One day I picked him up and got the standard responses, only to find out about three hours later that the fire truck had come to his school and his class had gone outside to talk to the firefighters and climb on and explore the truck. He said it was the coolest part of his day.

Had he been female, I’m pretty sure he would have told me that detail immediately upon entering the car at the pickup line, especially after I asked, “what’s the coolest part of your day?”

So I’ve really seen how a male brain processes–girls want to divulge details quickly. Boys are a little slower, and details aren’t always necessary.

I’m not always going to get to know what my son had for snack at school that day. It’s not relevant to his immediate need to communicate with me, therefore it’s a detail that goes unspoken.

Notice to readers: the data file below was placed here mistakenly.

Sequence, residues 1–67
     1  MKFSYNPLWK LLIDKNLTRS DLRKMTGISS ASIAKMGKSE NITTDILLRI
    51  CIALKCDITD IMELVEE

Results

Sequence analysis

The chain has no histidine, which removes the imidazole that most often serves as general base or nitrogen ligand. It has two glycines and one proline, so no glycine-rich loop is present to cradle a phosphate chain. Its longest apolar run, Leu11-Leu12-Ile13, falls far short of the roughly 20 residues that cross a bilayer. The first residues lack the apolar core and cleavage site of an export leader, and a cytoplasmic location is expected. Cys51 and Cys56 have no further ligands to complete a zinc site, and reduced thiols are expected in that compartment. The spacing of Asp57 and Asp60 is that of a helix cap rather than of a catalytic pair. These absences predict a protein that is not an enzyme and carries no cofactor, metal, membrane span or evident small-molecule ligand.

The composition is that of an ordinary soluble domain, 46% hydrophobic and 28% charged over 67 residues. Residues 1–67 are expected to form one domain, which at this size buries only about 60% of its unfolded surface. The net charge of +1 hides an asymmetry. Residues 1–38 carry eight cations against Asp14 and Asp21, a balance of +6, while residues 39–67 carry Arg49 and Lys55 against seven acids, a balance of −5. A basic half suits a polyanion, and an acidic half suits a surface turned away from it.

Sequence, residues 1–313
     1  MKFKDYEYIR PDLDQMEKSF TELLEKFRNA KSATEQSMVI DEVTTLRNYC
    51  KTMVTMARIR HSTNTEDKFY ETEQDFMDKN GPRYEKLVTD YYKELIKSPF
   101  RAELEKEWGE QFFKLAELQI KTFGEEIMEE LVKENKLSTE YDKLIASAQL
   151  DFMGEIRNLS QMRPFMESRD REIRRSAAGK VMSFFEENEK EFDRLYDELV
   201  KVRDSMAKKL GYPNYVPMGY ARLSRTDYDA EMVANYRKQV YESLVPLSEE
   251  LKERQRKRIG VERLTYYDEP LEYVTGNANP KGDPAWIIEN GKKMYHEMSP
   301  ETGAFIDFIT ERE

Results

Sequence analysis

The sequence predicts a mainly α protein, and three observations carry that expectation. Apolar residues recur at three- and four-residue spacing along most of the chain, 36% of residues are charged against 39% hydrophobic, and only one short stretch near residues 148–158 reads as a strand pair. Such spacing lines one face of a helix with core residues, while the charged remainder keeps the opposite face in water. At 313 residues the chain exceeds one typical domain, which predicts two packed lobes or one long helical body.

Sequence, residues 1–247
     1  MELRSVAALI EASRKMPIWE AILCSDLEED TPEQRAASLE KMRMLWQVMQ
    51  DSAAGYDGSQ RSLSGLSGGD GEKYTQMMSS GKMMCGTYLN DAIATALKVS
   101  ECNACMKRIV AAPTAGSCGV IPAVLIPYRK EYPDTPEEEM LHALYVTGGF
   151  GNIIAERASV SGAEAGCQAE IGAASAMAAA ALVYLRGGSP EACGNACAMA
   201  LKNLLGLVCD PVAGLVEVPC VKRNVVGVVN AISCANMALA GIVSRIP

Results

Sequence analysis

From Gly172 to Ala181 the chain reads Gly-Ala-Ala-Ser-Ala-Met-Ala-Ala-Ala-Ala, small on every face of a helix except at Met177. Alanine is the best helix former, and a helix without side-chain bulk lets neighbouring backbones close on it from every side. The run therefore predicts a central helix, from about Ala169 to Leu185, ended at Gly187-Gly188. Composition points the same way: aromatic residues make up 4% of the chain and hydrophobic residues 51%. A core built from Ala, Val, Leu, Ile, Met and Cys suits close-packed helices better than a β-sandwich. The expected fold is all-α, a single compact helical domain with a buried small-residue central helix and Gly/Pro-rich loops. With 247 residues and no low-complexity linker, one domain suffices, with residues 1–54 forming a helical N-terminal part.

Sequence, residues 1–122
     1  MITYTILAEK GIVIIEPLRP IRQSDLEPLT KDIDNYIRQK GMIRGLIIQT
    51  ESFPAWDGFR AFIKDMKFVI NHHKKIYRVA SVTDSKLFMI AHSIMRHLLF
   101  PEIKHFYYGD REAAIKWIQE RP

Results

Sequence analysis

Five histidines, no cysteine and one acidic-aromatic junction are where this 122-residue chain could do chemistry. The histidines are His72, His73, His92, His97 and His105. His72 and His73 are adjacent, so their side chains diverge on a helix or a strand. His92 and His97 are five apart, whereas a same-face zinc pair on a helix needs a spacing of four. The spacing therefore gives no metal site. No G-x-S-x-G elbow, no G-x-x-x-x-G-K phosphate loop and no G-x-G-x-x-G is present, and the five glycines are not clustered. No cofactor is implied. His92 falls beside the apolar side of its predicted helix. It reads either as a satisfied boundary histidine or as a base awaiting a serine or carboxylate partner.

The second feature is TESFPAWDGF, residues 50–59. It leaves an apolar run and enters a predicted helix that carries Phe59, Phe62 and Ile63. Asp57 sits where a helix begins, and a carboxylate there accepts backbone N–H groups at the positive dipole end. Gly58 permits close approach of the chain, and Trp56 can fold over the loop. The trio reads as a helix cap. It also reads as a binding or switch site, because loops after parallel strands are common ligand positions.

My hubby operates similarly. It sometimes takes days for him to “remember” some detail of something he wanted to tell me. Like his co-worker is expecting a new baby, for example. Not relevant to his immediate life, therefore it took days for me to find out.


The other thing about boys that I’m having to simply accept is that they are gross. Seriously gross.

They find bodily functions hilarious. What’s up with that??

It doesn’t matter how many times I demand manners or beg for them to stop and act like gentlemen, passing gas is funny to a boy.

My two year old has decided that using “dirty” words is funny. Stinky, gross, smelly, do-do, wee-wee, and dirt are some of his favorites. (These are the dirtiest he can think of, apparently.) And when he really wants to crack himself up, he goes around shouting “Lady GaGa!” Go figure. We’re not fans of hers, so I’ll lump her in with the “dirty” words.

I don’t get it. I don’t get the whole hilarity of bodily functions. It’s one of the things I wonder if I’ll ever get used to. I expect them to have proper behavior in public, but I’m never guaranteed of such things.